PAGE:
In summary, plasma arcing within the gas injection ports 300 is suppressed by one or more of the following features: (a) forming a dielectric coating 350 on the bottom of the overhead electrode 125 and on the interior surfaces of the gas injection ports 300, (b) providing a metallic aluminum foam layer 355 on top of the overhead electrode 125, and (c) placing a thin insulative layer 360 between the overhead electrode 125 and the conductive housing 290.
Suppression of Plasma Sheath-Generated Harmonics:
The thin insulative layer 360 plays a role in suppressing plasma sheath-generated harmonics of the HF bias signal applied to the wafer support pedestal 105. The presence of such harmonics degrades process performance, and specifically reduces etch rates. By selecting the capacitance-determining characteristics of the insulative layer 360 (i.e., dielectric constant and thickness), the return path from the plasma through the overhead electrode 125 and coaxial inner conductor 140 is tuned to resonate (and therefore have a very high admittance) at a particular HF frequency. While one choice for this resonant frequency would be the fundamental of the HF bias signal applied to the wafer support pedestal 105, it is a discovery of the invention that the etch raze is improved by 10% to 15% by selecting this resonance to be the second harmonic of the bias signal. Such a favorable result is achieved because harmonics generated by the non-linear load presented by the plasma sheath are quickly returned to ground through the low impedance path presented by the overhead electrode and coaxial center conductor 140 by virtue of the capacitive layer 360.
Selection of the thickness of the capacitor layer 360 to tune the return path through the overhead electrode 125 to a particular HF frequency is affected by a number of factors, including the capacitance of the thin plasma sheath at the overhead electrode 125, the capacitance of the thick plasma sheath at the wafer support pedestal 105 as well as the capacitance of the plasma itself. Numerous conventional techniques may be readily employed by the skilled worker to find the correct thickness of the capacitor layer 360 to achieve resonance at the selected HF frequency given the particular plasma operating conditions, including trial and error.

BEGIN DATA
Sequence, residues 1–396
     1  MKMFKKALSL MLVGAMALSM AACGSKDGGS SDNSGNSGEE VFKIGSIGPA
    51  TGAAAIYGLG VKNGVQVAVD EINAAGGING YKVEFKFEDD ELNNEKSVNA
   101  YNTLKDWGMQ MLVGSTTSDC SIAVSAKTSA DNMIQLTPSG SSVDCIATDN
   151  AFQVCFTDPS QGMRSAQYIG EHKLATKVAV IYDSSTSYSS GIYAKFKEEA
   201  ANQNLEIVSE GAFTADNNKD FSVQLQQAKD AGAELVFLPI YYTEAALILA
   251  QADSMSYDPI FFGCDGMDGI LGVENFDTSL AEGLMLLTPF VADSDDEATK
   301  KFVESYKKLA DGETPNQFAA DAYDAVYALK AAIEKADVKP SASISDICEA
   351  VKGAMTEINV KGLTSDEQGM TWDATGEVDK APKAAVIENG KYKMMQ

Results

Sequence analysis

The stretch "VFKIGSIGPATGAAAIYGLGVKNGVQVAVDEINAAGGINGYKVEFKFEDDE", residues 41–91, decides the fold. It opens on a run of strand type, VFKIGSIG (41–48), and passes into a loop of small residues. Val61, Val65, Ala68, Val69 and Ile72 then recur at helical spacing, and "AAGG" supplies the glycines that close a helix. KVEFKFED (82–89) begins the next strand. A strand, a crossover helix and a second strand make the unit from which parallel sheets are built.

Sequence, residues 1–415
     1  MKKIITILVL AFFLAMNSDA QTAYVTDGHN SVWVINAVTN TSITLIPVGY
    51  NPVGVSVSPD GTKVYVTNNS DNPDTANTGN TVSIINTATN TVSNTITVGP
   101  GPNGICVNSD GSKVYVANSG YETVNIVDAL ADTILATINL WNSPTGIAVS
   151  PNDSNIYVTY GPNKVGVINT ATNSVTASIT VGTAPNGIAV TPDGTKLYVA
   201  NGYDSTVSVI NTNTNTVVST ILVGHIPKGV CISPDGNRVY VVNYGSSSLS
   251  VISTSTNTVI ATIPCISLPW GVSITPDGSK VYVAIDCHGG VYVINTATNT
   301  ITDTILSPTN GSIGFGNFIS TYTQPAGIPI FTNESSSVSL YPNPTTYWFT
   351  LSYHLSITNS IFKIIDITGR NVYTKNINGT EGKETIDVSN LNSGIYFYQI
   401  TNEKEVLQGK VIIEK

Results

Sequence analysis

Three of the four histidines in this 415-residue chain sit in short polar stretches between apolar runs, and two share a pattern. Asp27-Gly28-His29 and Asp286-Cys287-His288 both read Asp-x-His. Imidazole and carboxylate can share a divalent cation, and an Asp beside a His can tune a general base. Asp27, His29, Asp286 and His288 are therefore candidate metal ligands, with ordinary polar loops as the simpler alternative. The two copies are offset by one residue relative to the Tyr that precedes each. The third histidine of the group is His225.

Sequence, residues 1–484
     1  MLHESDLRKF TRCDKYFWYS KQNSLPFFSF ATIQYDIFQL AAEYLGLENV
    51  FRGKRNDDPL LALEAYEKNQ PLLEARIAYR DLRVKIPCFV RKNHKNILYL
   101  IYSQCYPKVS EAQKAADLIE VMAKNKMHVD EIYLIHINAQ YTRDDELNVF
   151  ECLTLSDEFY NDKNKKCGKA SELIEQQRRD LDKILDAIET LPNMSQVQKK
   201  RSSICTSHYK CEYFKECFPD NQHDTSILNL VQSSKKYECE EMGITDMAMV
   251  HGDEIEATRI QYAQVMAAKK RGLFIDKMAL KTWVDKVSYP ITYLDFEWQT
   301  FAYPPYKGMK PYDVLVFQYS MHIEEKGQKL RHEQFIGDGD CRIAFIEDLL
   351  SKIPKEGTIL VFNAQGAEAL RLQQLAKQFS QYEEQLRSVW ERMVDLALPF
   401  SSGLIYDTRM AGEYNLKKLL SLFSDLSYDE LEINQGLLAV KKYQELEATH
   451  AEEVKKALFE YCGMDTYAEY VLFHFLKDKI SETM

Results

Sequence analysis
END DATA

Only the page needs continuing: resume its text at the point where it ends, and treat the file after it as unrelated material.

Electrode Surface Temperature Control:
In an oxide etch reactor, polymer deposits are a serious problem because the process gas must be able to form polymer layers over non-oxide containing surfaces on the workpiece in order to achieve a suitable etch selectivity between silicon dioxide materials and other materials that are not to be etched. During plasma processing using flourocarbon gases, the simpler fluorine ions and radicals perform the etching while the carbon-rich species deposit polymer over all non-oxygen-containing materials on the workpiece as well as all interior surfaces of the reactor chamber. In order to avoid contamination of the workpiece by polymer particles falling from chamber interior surfaces into the plasma, these surfaces must be kept at a sufficiently low temperature and the plasma electron energy must be kept sufficiently low to avoid tearing such deposits off of the chamber interior surfaces. Alternatively, the chamber vacuum must be interrupted and a chemical cleaning step performed to remove such deposits, a step that greatly reduces productivity of the reactor.
The capacitively coupled VHF source described with reference to
For this purpose, the reactor of
Optical Monitoring of the Plasma Process:
Since the reactor of
With this feature, end point detection and other measurements may be performed using such an optical detector. Specifically, the detector 687 measures the thickness of a selected layer on the workpiece or semiconductor wafer 110, using well-known optical techniques. During an etch process, for example, the process would be halted after the thickness of the material being etched is reduced to a predetermined thickness, as measured by the detector 687.
Prevention of Contamination: